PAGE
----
According to documentation, he rose to lieutenant colonel in the CAP, but again, that is not the same as being a lieutenant colonel in the Air Force. When questioned about his service, he provided several photographs and documents, but all of them related to the Civil Air Patrol. I have never seen a picture of him in an Air Force uniform, though it is clear from the photographs supplied that he was attempting to mask his CAP service by making alterations to the uniform.

I have since been given some documents that suggest service in the Air Force, but these came from the man, and I have been unable to verify their authenticity. I believe one of them to be a forgery and not a very clever one at that.

So, who is this guy you ask? This is where the trouble arises. In 2005 the US Congress passed the Stolen Valor Act which makes it a crime to wear ribbons or medals not earned. I have two pictures of him and in each he is wearing medals for which I can find no documentation. He is wearing an officer’s uniform and he is claiming to have served in the Air Force, either on active duty or the reserve long enough to have earned a pension. He claims it was denied because he talked to civilians about UFOs.

To identify this man now, who is 84 and whose health isn’t all that great, would be to bring addition attention and pressure to him. This is something that I’m not sure I want to do...

On the other hand, I understand the anger of veterans toward those who didn’t serve, or served in a limited way but who claim great things. One estimate, published in Military History magazine this month suggests there are 26 million people claiming to be veterans who are not. Thousands have received veteran benefits to which they were not entitled, taking money from the veterans who had earned it. I have seen men, and a few women, interviewed about their service, making claims that then tarnish the reputations of all of us who did serve.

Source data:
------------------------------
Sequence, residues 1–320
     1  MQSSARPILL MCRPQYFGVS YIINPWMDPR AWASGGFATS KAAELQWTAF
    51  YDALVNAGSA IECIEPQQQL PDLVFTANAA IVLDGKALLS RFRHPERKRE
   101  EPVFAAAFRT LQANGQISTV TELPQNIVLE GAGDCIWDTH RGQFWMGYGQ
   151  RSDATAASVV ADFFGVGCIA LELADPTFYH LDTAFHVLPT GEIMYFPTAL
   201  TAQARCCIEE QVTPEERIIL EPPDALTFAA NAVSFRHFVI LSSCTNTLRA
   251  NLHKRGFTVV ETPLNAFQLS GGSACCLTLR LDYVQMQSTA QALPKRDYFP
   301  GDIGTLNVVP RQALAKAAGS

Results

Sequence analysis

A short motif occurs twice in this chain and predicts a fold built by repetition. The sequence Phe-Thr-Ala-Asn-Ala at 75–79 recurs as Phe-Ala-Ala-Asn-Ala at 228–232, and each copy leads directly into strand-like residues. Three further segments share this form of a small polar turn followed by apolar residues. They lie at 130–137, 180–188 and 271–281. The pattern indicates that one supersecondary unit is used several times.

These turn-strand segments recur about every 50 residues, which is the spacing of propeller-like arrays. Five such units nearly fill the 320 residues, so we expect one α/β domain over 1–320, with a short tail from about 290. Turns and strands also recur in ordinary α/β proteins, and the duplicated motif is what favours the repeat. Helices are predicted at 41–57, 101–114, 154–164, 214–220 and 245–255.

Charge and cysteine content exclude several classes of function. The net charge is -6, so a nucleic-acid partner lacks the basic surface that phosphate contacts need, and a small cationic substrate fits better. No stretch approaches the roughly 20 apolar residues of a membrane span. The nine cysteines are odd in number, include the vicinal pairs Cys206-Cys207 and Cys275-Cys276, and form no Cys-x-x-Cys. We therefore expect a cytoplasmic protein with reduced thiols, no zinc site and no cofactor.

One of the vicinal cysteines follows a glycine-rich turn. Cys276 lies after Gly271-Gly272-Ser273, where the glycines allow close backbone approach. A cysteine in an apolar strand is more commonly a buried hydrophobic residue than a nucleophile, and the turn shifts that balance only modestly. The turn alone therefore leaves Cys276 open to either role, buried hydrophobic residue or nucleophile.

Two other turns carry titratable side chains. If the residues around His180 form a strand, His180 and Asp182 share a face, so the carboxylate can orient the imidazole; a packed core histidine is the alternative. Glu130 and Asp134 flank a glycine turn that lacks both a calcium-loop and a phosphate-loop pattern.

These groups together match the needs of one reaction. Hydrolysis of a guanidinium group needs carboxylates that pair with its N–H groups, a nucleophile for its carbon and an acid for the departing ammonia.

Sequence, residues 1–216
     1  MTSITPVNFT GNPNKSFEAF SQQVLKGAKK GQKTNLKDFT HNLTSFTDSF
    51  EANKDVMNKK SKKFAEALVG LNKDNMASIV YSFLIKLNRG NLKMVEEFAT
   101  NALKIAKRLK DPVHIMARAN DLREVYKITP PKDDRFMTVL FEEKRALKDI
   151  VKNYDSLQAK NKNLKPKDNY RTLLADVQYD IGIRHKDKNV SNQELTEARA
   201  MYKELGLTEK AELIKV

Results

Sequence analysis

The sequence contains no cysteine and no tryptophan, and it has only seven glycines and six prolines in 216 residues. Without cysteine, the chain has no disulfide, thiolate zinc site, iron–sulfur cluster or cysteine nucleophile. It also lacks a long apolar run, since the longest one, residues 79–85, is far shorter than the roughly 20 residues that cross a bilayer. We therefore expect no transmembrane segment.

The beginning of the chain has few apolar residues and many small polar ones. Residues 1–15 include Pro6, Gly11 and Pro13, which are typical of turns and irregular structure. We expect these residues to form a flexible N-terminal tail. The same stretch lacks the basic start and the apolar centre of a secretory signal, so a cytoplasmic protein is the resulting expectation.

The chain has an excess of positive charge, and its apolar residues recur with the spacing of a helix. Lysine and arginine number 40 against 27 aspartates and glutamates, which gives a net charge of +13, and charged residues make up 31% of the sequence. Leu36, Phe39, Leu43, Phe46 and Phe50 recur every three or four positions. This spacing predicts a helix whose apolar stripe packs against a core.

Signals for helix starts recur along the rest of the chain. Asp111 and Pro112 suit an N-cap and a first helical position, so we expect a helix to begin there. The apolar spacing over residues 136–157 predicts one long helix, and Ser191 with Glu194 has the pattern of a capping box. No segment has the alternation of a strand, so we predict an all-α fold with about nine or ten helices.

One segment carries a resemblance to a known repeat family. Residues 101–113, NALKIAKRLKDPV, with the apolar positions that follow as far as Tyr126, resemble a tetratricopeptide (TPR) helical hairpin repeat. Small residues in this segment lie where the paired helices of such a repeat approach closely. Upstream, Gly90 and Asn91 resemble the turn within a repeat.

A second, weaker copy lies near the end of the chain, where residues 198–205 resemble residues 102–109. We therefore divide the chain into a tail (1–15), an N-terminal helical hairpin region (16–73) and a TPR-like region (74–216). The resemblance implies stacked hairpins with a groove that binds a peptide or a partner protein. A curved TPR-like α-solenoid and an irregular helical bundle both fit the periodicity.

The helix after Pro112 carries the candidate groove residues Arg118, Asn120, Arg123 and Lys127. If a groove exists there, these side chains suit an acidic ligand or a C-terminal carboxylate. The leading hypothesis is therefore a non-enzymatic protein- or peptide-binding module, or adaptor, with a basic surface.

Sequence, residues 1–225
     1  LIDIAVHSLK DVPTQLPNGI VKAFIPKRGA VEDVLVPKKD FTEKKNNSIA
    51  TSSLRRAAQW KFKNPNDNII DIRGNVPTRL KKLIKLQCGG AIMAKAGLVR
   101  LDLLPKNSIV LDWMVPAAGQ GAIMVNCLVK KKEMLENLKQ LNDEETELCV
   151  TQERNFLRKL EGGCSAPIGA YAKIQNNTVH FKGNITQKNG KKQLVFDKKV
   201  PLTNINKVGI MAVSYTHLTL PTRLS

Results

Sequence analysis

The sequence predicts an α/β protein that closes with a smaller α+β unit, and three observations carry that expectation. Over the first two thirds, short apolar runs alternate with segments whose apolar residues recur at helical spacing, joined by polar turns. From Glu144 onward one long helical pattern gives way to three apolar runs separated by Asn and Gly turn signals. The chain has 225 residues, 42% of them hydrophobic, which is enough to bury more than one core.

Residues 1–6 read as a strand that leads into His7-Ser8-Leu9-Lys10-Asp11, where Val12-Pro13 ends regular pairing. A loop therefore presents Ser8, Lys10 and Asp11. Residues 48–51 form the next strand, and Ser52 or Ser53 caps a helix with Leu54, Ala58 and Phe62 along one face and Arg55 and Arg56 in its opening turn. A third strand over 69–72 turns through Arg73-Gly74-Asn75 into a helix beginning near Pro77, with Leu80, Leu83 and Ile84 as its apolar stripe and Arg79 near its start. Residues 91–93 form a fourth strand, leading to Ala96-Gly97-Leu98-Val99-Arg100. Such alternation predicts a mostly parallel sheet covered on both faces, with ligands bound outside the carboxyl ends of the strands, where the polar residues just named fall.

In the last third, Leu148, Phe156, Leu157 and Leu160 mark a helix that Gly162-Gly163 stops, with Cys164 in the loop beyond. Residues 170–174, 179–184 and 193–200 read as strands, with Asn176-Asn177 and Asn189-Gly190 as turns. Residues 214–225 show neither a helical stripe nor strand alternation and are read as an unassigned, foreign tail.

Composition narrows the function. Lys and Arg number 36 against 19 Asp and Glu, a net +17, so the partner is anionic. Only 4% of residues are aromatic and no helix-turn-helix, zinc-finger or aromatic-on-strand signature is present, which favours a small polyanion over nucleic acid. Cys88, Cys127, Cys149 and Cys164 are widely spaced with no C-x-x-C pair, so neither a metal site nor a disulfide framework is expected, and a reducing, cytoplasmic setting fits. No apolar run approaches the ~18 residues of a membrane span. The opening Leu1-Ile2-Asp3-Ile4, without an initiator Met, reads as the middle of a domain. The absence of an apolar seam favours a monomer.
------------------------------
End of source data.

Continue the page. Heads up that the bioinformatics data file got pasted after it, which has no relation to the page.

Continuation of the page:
But this guy is old, sick, and his family is not nearby. At the moment, nothing is gained by identifying him, at least in my mind. His story, however, does have a great impact on some avenues of UFO research, and that will be explored a little later.

Tuesday, January 05, 2010

MJ-12 vs The Unholy Thirteen

I have said for a long time that I believe MJ-12 to be a hoax based on the research I have conducted, the evidence as offered by others, and the admissions and statements attributed to various participants in the research of it. I have also said that I believe that if the Roswell crash was extraterrestrial, we would expect the creation of some sort of committee to exploit the find. That just seems to follow naturally.

But, if not MJ-12, then what?